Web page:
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Posted on December 1, 2008 | Posted in Lawyers' Issues

Much has been written about the principles of civility; the duties of a lawyer to the court and to other counsel; and the duties of a judge and opposing counsel to assist an unrepresented litigant during the course of an action and trial. Little has been written about the duties of an unrepresented litigant in his or her dealings with opposing counsel and the court – until Ranonicich v. Reamy et al [2008] O.J. 2210 (MC).


The plaintiff issued a rambling statement of claim that, we gather, was so badly drafted it was difficult to determine what he really wanted. He alleged fraud and other nasty things against the defendant stockbrokers. The lawyer for the brokers served a notice of intent to defend and wrote to the plaintiff noting that he was investigating the matter and requesting that the plaintiff provide 14 days’ notice before taking any steps against the brokers. This was not a wise course of action because the plaintiff ignored the letter and, as soon as he was able, noted the brokers in default for failure to file a statement of defence. The brokers moved to set aside the noting of default and for other relief.

The Master stated,

“The plaintiff now seems to be confusing the defendants and their legal counsel. His letters to counsel have grown more and more intemperate over time. He has referred to McNish in correspondence as an idiot, brain dead, a liar and worse. He has threatened to report him to the Law Society…. He has accused him of withholding documents that he is not yet bound to produce … and accused him of complicity in the alleged fraud. … In short, he appears to be treating McNish as yet another victim of his outrage, none of which has been substantiated before the courts though this is the fourth action he has started with respect to these events.”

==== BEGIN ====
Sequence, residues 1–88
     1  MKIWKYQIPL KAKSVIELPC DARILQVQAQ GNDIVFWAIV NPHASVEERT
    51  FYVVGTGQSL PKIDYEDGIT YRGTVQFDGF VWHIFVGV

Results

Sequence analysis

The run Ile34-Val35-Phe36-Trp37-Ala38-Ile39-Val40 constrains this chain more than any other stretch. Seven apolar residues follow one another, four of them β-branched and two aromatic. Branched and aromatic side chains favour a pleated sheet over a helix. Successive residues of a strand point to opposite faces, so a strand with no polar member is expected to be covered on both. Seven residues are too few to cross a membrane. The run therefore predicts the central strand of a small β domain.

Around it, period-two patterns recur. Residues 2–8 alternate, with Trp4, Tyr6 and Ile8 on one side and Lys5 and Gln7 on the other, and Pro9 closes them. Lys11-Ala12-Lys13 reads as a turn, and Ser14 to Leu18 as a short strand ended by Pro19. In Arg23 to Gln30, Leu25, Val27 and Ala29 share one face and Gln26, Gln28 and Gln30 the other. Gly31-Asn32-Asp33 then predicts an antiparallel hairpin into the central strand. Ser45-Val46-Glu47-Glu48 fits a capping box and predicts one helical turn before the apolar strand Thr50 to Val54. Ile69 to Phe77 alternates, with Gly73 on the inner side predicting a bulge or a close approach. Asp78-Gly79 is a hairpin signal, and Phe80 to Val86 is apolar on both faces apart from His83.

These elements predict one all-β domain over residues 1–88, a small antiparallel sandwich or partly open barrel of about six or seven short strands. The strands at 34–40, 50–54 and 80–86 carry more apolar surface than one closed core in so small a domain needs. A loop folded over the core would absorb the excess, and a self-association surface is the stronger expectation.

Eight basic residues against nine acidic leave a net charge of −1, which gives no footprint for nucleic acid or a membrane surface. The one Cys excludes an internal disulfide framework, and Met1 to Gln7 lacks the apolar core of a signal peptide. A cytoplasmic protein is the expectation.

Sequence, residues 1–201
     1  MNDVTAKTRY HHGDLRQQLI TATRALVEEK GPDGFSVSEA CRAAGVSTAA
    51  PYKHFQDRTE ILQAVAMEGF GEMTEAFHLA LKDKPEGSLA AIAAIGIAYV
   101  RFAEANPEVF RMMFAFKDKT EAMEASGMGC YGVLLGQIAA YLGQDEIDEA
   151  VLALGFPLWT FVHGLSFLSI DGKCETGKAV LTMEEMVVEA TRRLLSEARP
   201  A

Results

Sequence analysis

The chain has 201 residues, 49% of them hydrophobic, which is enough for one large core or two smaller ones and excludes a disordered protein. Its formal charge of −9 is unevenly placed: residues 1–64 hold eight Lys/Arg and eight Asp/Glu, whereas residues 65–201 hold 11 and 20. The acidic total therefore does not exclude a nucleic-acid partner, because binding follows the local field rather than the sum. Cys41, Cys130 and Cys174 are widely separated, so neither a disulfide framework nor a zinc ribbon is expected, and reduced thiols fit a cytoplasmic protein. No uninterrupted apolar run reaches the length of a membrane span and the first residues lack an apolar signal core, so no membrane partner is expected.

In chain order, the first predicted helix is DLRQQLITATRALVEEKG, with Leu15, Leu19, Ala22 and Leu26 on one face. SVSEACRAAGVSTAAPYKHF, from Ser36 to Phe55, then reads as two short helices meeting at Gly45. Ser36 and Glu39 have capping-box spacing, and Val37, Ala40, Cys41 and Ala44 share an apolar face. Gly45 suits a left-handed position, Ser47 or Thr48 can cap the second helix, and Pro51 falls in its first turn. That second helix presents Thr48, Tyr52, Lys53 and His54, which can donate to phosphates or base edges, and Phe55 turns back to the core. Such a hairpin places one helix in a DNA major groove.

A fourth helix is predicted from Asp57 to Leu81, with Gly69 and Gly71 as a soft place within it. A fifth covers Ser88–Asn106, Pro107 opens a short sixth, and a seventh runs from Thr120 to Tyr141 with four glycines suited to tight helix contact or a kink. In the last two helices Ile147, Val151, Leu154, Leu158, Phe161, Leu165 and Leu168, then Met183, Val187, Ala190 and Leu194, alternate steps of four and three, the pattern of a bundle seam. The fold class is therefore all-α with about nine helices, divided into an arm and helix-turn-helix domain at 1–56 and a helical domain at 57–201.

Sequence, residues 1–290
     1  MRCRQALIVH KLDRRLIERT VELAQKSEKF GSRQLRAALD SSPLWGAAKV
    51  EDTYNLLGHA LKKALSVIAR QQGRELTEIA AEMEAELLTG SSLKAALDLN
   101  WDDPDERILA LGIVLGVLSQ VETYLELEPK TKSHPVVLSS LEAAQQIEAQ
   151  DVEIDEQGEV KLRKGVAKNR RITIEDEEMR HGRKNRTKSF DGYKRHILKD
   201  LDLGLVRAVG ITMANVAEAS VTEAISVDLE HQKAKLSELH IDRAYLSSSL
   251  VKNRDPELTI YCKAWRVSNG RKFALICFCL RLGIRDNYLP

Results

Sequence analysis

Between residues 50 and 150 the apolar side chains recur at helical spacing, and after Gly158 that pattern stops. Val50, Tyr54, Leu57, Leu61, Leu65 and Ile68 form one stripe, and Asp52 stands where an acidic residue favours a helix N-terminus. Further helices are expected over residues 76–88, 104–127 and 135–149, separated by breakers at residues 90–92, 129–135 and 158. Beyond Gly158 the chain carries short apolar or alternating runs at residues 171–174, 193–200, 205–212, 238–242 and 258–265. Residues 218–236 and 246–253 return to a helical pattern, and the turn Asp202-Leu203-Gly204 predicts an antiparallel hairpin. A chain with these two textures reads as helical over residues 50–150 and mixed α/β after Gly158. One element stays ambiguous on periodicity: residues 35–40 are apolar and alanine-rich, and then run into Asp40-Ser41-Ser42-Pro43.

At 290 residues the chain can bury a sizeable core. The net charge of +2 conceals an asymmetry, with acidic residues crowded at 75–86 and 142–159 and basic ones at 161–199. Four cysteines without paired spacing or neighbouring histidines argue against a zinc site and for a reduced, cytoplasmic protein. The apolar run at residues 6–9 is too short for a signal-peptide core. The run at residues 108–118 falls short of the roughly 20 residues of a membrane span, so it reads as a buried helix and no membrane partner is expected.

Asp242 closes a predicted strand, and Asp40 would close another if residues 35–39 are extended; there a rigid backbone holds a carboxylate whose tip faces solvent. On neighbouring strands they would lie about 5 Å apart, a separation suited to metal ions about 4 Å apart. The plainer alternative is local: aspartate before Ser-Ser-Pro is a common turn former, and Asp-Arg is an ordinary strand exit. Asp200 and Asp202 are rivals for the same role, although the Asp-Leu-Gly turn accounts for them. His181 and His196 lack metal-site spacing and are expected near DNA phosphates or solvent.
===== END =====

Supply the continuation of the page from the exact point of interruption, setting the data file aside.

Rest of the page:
She then commented,

“If the plaintiff were counsel, he could face Law Society sanction for his conduct. Further, members of the Law Society of Upper Canada are informally bound by a code of civility when they deal with one another and with self-represented litigants. …I see no reason why self-represented litigants should not be expected to conduct themselves in a similar manner when dealing with counsel.”

As to the noting in default, she stated: “In view of the notice of intent having been served, it was improper for the plaintiff to take this step without at least alerting McCarthy’s that it was their intention to do so.”

Accordingly, she set aside the noting in default, adjourned the rest of the brokers’ motion, and awarded costs against the plaintiff of $800.00.


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